Alternate History

Sometimes, history sucks. Or it's not interesting. Or it's enormously interesting, but Writer Brain is like, "But what if it happened this way instead?"

According to Wikipedia, alternate history is basically speculative fiction, because the writer is speculating on a "what if?" idea and changing real, documented history into something else. Also, sometimes, time slip and time travel is involved.

The FrankenIdea has strong alternate history elements and while I'm barely into writing this thing--hello, unfinished Chapter One!--I'm working out how the alternate history parts work. It's different from making up fictional historical people (hi, definitely doing that, too) or a fictional country (possibly) because in this instance, at least, I am keeping some people who are definitely dead alive, so I've been thinking about what their lives would have been like had they lived longer. What their being alive means for political situations or for rea…

Bodyguard + When They See Us

As usual, I was late to these Netflix series--I watched Bodyguard first, because Richard Madden.

I saw him play a total bastard in Rocketman, remembered that he'd won a Golden Globe for Bodyguard, and my friend had already watched it and told me it was good, so I watched it.

Hooked from the first scene, guys. It's a tense thriller sort of thing, where David Budd, an ex-British Army solider who served in Afghanistan, is suffering from PTSD. He works for the Metropolitan police force in their Royalty and Special Protection branch and he is assigned to be the personal protection officer for the war-hawk Home Secretary. So good. There are a lot of twists and turns and episode six had me on the edge of my seat, mouth wide open, and I literally forgot that I was watching Richard Madden in a TV show--it was just crying David Budd and I was freaking out along with him.

When They See Us, written and directed by Ava DuVernay, was released in May and I watched it last weekend. I can't…

Classification Systems

This June, I've been taking an online course for my library science degree--Introduction to Classification, which covers the tedious world of library classification systems aka how they keep track of all the books.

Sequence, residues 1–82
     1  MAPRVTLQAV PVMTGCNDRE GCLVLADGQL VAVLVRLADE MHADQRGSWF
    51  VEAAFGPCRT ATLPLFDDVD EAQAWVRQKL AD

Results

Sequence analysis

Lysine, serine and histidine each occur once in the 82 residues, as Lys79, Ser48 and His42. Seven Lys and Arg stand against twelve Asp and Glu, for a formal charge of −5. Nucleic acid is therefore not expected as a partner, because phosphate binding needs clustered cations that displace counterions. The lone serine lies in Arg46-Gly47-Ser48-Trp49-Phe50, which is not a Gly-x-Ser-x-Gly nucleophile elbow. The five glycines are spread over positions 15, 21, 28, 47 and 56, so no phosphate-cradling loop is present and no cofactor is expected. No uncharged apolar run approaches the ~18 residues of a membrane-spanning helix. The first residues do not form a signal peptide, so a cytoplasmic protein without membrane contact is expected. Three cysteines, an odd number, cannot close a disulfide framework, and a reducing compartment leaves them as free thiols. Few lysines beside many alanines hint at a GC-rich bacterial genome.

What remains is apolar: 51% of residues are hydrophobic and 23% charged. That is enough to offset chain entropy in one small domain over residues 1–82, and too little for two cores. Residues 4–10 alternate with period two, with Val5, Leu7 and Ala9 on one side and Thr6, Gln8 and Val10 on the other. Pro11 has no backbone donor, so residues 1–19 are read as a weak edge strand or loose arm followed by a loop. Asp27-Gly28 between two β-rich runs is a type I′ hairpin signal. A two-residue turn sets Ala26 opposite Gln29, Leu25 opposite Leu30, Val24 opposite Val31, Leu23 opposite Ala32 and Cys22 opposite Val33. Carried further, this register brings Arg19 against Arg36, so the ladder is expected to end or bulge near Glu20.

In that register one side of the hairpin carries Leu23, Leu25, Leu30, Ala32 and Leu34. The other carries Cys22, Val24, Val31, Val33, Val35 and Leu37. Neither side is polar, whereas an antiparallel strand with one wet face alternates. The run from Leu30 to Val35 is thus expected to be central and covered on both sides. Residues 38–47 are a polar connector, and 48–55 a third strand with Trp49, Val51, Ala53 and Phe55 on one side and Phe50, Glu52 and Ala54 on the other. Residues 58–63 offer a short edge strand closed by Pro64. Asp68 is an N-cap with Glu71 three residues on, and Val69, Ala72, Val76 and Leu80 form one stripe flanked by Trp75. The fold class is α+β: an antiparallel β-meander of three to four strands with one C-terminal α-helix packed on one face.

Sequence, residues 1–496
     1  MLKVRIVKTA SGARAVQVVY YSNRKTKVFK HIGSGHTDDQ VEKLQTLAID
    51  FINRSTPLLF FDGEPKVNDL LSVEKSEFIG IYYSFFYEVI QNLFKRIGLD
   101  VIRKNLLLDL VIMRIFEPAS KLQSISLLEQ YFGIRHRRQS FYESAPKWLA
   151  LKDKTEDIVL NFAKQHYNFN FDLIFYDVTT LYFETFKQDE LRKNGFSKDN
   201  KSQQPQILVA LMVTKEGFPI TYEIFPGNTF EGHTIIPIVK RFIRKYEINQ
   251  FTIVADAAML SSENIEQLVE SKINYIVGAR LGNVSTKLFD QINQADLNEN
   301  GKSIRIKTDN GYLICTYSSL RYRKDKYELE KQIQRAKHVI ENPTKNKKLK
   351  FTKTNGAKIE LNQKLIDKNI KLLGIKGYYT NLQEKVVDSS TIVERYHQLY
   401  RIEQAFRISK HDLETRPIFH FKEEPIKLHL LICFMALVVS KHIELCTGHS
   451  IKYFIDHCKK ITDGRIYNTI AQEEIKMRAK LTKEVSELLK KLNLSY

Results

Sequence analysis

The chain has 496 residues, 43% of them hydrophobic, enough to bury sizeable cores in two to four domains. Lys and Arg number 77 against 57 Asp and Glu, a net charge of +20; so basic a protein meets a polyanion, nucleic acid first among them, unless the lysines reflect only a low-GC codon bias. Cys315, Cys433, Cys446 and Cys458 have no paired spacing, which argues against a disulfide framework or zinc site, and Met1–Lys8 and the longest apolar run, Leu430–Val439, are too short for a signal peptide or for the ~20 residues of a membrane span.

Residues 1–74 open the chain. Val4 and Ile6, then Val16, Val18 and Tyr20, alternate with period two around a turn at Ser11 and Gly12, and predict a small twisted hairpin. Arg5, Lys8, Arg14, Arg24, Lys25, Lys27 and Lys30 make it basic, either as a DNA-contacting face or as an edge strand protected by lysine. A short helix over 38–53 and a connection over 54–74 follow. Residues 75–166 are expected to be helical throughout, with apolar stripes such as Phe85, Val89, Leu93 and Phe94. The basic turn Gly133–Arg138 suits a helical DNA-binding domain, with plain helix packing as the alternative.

I'm most familiar with Dewey--it's the most widely used system. It's numbers based. So first, you have to figure out which class the discipline of the book best corresponds to.

000 Computer science, information, library science
100 Philosophy and psychology
200 Religion
300 Social sciences
400 Language
500 Science
600 Technology
700 Arts and recreation
800 Literature
900 History and geography

Once you've figured out the class your book belongs to, say the 800s, then you move to the second digit. 810 is American literature in English. 813 is American fiction in English. Then you can add a decimal point after 813 and continue on to the Tables, which have Standard Subdivisions, divisions for geography, divisions for works by individual authors, languages, e…

Queen Victoria's Last Three Kids

Prince Arthur William Patrick Albert was born on May 1, 1850, the seventh of Victoria and Albert's large family. He was named after the Duke of Wellington. At age sixteen, Arthur entered the Royal Military College at Woolwich, graduating two years later, and becoming a lieutenant in the Royal Engineers Corps. From there, he moved around in the army a bit and served in places like Canada, India, Ireland, Egypt, and South Africa.

During service in Canada, Prince Arthur became very popular there. The Iroquois even gave him the title Chief of the Six Nations.

In 1874, his mother gave him the title Duke of Connaught and Strathearn. In 1879, Arthur married Princess Louise Margaret of Prussia. They had three children.

In 1911, Arthur became the Governor General of Canada. He stayed in Canada during the beginning of World War One, his time as Governor General ending in 1916. The Duke of Connaught died on January 19, 1942, aged 91. Arthur's descendants include members of the current Sw…

Queen Victoria's Middle Three Kids

Queen Victoria and Prince Albert's fourth child was born on August 6, 1844. He was their second son and so, second in line to the throne after his older brother. His parents named him Prince Alfred Ernest Albert. Alfred was known as "Affie" in the family. He wanted to enter the Navy and was allowed to at a young age. Victoria granted him the title Duke of Edinburgh in 1866 and in 1867, Alfred took a journey around the world. He was the first royal to visit Australia, where he was shot (but recovered). He also became the first royal to visit New Zealand, went to Hawaii and met their royals, and was the first European prince to visit Japan in 1869. He also traveled to India, Sri Lanka, and Hong Kong.

Alfred married Grand Duchess Maria Alexandrovna, the only daughter of the Russian tsar Alexander II, in St. Petersburg. They had five surviving children together.

Alfred was stationed on Malta for a few years--their third child, Victoria Melita, was born there. He rose to be …